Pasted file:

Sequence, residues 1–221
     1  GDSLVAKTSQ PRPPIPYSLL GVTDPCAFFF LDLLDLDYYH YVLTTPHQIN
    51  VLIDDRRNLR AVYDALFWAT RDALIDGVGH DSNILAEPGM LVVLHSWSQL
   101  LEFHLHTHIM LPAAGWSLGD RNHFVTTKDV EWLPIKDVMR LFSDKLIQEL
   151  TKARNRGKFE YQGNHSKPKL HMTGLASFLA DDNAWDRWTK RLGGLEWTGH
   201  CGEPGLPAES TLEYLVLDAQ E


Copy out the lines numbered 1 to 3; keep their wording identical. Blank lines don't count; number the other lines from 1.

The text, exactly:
Sequence, residues 1–221
     1  GDSLVAKTSQ PRPPIPYSLL GVTDPCAFFF LDLLDLDYYH YVLTTPHQIN
    51  VLIDDRRNLR AVYDALFWAT RDALIDGVGH DSNILAEPGM LVVLHSWSQL